A competitive advantage means everything in both business and athletics — and acquiring that upper hand takes hard work, unique insight, and the capacity to constantly improve. Bryant University Data Science major Jonathan Riordan ’23 is studying that edge across a range of sports, while also honing his own skillset along the way.
You can go to the stat lines to see how a game was played, Riordan says, but crunching the numbers offers insight into why. “You’re gaining a real sense of what a team is doing right and what they’re doing wrong — but it goes even further than that,” he says. “You can start to predict the likely outcome of specific events and how to change them.”
Riordan’s latest project, recently published on Medium, examined Bryant’s Division I men’s basketball team as they compete in their first year of American East Conference play. Using the Python programming language, which he learned in his Data Science courses at Bryant, he studied a range of team stats, from shooting accuracy to turnover percentages across the conference.
The Bulldogs, he predicted, will edge out rival UMass Lowell in the conference championship, earning their second trip to the NCAA Tournament in two years. “I might be a little biased,” Riordan admits, “but I think the numbers bear it out.” He also conceded there were more games to be played and that the analysis might change as the season evolves.
Riordan also uses his analytics skills to generate real results on the field. He heads up the baseball division of the Bryant University Bryant Think Tank, a student organization that crunches data for the University’s Division I athletics teams. “It’s a great opportunity to collaborate with other students and work with the teams to provide some real insights.”
Learning to analyze
Riordan’s impulse to push himself and try new things led him to study data science. “I really loved the idea of being able to solve problems with data analysis and the sense of accomplishment you feel when you write a program that works,” he says. “It’s amazing what you can do with just a few lines of code.”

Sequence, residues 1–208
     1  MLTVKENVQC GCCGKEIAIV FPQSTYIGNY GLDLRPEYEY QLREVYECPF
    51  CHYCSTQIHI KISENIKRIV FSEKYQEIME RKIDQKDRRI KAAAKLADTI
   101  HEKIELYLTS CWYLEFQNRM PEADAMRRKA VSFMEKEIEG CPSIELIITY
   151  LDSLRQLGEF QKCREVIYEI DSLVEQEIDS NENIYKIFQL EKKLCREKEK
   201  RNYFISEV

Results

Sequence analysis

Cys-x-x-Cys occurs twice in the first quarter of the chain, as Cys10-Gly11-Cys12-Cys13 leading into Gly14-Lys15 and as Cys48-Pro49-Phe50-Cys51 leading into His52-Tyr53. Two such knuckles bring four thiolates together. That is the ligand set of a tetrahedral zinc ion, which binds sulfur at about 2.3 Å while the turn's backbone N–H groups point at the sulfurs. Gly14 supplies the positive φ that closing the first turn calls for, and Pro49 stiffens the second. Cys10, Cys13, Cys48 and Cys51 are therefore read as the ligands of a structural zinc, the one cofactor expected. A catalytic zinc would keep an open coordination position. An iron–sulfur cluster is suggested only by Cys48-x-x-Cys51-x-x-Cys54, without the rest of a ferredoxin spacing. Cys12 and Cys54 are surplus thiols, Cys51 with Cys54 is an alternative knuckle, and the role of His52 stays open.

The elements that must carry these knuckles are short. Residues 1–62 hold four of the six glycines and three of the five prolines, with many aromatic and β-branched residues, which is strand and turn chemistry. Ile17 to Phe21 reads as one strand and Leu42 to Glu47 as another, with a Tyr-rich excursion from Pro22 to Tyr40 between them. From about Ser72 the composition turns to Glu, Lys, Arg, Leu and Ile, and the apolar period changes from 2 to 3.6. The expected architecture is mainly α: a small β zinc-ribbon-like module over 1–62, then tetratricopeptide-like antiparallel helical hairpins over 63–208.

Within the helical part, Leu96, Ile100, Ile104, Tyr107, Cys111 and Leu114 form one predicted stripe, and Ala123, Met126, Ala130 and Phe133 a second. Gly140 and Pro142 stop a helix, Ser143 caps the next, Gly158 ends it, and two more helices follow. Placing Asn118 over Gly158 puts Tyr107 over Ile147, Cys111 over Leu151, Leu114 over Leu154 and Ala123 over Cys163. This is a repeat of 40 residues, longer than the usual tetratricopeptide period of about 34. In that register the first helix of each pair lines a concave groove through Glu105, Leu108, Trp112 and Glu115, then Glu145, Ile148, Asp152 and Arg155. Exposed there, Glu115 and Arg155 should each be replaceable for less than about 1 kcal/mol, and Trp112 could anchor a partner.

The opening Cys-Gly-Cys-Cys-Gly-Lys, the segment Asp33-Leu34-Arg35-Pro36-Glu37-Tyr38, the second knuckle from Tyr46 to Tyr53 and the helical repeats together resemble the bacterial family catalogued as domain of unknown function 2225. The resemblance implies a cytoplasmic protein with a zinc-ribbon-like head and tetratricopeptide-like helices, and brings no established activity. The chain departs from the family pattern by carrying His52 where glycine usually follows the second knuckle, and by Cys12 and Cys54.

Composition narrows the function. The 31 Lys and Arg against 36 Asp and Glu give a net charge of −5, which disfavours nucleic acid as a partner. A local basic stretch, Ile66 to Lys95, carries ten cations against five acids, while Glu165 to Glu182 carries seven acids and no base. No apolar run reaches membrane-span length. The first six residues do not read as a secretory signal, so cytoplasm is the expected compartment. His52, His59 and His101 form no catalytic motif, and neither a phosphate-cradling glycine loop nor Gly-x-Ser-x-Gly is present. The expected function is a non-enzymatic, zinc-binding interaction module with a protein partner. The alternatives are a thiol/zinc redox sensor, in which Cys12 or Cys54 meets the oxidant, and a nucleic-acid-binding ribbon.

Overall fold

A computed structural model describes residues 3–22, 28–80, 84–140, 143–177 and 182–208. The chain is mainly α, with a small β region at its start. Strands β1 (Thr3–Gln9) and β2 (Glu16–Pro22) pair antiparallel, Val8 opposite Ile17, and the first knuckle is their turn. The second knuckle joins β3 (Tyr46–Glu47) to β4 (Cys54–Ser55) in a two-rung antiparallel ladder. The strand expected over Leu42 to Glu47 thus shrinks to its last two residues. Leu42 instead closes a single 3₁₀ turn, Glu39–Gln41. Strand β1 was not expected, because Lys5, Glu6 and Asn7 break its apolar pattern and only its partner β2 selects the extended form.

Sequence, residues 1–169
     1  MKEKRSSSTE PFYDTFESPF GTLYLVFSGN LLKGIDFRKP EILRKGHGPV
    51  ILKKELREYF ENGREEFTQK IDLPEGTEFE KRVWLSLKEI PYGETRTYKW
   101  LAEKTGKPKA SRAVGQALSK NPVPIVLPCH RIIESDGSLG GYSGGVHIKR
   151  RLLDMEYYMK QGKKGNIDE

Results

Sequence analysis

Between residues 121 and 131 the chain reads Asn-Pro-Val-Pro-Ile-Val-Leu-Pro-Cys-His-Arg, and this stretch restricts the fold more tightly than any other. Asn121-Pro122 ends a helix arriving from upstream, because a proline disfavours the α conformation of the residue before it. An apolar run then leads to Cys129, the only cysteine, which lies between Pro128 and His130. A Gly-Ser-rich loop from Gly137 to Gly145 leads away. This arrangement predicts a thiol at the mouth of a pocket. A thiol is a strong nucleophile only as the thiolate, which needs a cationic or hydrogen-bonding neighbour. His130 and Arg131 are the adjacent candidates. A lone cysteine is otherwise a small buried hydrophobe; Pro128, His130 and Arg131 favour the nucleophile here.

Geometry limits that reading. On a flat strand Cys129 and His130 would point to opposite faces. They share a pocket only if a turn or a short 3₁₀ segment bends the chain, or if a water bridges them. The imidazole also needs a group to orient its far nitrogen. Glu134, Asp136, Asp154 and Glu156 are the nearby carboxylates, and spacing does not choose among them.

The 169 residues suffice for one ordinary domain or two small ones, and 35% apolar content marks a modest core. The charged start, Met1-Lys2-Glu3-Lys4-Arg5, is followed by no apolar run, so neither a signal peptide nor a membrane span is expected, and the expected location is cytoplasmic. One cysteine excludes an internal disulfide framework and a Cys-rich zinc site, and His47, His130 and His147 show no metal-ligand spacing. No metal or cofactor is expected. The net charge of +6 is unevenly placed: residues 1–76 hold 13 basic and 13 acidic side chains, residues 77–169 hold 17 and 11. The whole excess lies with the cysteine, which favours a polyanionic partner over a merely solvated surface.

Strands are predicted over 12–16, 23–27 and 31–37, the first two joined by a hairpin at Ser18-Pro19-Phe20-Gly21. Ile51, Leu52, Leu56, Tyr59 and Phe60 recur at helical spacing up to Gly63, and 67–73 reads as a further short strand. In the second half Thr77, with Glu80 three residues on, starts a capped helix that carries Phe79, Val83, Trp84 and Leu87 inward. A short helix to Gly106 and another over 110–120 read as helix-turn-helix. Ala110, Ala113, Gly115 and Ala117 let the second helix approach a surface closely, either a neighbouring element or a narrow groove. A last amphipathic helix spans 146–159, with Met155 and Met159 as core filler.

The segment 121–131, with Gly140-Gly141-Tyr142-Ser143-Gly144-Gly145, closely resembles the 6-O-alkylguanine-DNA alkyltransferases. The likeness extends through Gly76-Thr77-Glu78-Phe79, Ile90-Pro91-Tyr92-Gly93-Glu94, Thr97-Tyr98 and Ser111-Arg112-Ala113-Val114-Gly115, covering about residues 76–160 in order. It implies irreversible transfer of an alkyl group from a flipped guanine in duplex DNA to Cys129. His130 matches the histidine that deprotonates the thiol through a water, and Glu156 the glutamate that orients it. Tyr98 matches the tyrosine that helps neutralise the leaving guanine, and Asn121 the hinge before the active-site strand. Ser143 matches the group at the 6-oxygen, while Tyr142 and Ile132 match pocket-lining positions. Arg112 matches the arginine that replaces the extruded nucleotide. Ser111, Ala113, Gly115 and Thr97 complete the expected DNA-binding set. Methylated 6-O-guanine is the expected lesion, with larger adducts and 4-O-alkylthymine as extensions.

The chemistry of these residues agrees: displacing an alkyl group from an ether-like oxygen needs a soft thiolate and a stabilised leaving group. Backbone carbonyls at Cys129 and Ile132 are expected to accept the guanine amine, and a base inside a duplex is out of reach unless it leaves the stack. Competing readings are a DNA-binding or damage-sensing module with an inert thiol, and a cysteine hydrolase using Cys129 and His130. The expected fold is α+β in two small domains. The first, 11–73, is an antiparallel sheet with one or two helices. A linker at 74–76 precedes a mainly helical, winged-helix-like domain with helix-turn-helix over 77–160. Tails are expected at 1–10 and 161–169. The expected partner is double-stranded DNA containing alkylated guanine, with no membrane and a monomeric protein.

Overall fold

His professors, Riordan notes, prepare their students to tackle any challenge. “The Data Science faculty are experts in so many different areas,” he says. “And it’s a complex and evolving field, so they want to make sure you have the independence to handle whatever you come across as a professional.”
That means providing both tools and opportunities for experiential learning. The Programming for Data Science course he took, taught by Assistant Professor of Information Systems ML Tlcahac, taught him the skills and resources needed for analytics work. A recent class project he worked on for a course on big data analytics taught by Department Chair and Professor of Information Systems and Analytics Suhong Li saw him analyze the predictors of type two diabetes for Neighborhood Health Plan of Rhode Island and present his work to company representatives, which gave him much needed practice with using data to solve actual problems.
“We had to work as a team and use everything we knew and all of our resources,” says Riordan. “It was definitely a challenge, but it also made me a better data scientist.”
As he learns more from his coursework, he’s always adding a new piece to the puzzle: a new resource to draw from, for instance, or a new visualization method that helps him share his findings more clearly. “Every project is a steppingstone,” Riordan points out.
He already has his eye on his next challenge. “You don’t really hear much about golf analytics,” he notes. “That’s something I’d really like to explore in the future.”
To learn more about Bryant’s 25 Division I varsity sports teams, visit www.bryantbulldogs.com.